HIKING along bisses is a journey back in time in the Swiss Alps.

Just outside the train station in the Swiss town of Sion, a yellow signpost points hikers in two main directions with no fewer than 16 routes to choose from.

As you cross the medieval downtown, keeping the Valere Basilica and the Tourbillion Castle on the right, aim for the Valaisanne Brewery.

If you can resist the brewery's new tap room and its outdoor tables, be sure to duck as you scramble a staircase and through the tunnel of holly and its busy bees and onto the Bisse de Clavau and 500 years of history.

Now you can relax. The babbling flow of water soothes the soul, and the Valais sun warms the body. the Bisse de Clavau was built in 1453 to irrigate the terraced vineyards in the region, which is the driest and hottest in all of Switzerland.

A bisse [rhymes with peace] is a narrow [two to six foot wide] canal that brings water from high altitude rivers across mountains to irrigate pastures and vineyards.

From the 11th to the early 20th century, about 300 bisses [stretching about 1200 miles in all] were dug by hand, primarily in the  Valais canton, which is bisected by the Rhone River Valley.

Centuries ago workers dug up the channels, flinging the mud and debris next to the canals, this forming a berm that was used as an elevated walkway.

To this day, 80 percent of all pastures and vineyards in Valais are irrigated with water from the bisses, while the paths that run alongside them are excellent for walking or trail running.

Along the  Bisse de Clavau, Europe's tallest drystone walls support the often parched soil. Thirsty walkers can find refreshment at one of the local wine bars, called guerites, since outbuildings vintners used to store tools and take shelter.

Located near the start of trail, the Guerite Bruler has a terrace with stunning views that pair perfectly with crisp white wine.

The Bisse de Clavau arcs across the vineyards for about five miles. Some times the bisse is a simple channel, or it can be metal aqueduct when crossing the undulating tarrain. Sometimes the bisse disappears into pipes underground or flows into tunnels in the rock.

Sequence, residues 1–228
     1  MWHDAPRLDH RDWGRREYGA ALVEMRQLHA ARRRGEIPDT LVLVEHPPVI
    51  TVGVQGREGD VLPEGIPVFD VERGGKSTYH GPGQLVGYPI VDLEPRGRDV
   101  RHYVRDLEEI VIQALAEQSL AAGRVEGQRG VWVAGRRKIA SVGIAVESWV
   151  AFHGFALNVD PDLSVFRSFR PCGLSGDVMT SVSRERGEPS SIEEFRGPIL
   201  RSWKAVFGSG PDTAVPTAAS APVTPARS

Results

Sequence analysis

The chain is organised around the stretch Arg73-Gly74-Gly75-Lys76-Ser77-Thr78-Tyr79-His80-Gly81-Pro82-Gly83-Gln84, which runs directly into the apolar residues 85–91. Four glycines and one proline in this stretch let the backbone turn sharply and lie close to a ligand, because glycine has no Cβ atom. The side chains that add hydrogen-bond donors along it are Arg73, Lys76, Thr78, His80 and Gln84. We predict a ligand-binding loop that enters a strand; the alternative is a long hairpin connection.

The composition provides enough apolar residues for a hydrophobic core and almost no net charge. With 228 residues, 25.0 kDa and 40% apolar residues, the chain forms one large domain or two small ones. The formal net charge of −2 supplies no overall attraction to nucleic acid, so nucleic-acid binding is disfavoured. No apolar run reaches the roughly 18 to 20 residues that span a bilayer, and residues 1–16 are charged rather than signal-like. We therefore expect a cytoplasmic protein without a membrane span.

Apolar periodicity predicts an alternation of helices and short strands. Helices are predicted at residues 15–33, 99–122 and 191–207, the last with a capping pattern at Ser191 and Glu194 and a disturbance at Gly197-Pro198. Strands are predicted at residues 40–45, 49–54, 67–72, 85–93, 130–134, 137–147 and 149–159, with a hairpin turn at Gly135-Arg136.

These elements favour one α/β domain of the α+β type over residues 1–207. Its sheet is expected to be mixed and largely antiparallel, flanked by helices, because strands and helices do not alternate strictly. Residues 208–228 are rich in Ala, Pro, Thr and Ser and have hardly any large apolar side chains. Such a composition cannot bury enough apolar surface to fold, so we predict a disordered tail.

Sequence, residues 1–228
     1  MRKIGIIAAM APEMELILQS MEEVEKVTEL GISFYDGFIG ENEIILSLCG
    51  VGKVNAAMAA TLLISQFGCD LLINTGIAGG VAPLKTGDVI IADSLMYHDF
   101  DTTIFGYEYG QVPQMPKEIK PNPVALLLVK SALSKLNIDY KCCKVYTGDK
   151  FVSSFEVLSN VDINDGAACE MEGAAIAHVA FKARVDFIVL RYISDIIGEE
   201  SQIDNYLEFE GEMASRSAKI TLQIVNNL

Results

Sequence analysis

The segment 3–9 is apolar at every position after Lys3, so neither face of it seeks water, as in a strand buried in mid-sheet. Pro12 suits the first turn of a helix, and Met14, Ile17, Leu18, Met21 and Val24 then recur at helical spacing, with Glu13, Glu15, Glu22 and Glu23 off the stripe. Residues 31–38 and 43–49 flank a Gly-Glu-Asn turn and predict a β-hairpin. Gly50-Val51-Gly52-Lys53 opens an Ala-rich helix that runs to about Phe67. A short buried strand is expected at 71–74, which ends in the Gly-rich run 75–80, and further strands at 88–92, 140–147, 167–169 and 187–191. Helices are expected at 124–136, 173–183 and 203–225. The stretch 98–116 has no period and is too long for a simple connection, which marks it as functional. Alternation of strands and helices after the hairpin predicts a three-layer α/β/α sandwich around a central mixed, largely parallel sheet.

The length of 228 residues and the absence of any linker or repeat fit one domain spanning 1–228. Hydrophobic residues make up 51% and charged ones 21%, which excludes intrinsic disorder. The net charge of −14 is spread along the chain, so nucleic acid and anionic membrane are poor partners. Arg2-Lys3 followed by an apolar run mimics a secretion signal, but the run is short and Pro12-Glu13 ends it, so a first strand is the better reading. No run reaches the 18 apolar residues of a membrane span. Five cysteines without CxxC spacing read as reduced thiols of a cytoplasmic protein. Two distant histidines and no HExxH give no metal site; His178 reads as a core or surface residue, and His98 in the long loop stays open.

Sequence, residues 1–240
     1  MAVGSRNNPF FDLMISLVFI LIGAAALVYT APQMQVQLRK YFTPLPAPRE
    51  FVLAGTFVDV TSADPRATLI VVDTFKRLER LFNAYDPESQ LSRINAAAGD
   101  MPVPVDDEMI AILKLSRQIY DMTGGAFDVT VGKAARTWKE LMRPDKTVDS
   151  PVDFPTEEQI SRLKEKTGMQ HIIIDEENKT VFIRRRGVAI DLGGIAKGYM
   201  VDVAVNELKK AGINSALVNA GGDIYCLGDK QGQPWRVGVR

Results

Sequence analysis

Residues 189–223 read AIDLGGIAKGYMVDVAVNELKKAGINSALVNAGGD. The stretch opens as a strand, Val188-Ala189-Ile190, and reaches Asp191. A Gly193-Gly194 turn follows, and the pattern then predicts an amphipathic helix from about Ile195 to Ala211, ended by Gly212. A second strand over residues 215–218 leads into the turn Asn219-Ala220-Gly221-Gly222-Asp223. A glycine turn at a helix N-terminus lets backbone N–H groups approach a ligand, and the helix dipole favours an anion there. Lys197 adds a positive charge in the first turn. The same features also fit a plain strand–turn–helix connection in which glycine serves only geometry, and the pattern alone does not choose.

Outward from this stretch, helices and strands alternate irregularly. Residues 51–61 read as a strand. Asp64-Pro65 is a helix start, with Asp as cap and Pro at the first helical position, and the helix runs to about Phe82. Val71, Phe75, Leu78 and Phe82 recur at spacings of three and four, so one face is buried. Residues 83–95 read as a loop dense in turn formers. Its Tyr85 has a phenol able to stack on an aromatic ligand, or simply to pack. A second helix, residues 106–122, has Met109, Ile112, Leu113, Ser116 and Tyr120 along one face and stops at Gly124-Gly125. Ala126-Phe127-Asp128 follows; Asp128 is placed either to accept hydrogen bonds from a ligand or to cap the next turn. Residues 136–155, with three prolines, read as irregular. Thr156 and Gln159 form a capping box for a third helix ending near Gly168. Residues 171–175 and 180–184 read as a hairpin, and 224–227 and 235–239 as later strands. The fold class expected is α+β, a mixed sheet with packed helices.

Then the scenery changes. The rock wall gets taller, and the path gets narrower. The Lienne Gorge is uphead. After a brief tunnel [lighted, thankfully], the bisse goes underground, leaving hikers with choice of two other bisses that are far more spectacular : the grand Bisse de Lens or the Bisse de Sillonin. [Or the town of St. Leonard is a 15-minute walk, with train service back to Sion].

Much father upstream lies the Grand Bisse d'Ayent. In September, the new 100 Swiss franc bill introduced features an image of the suspended wooden bisse clinging to the overhanging rock face at Torrent-Croix.

''The history of Valais has been written by the bisses,'' said Gatan Morard, director of the Bisse Museum in nearby Botyre. ''The bisses just don;t carry water; they carry entire history of Valais. They illustrate man's ingenious ability to master an unruly environment.''

The honor and serving of the latest global operational research and writings on Tourism and Hiking , continues. The World Students Society thanks author Andrew Brenner.


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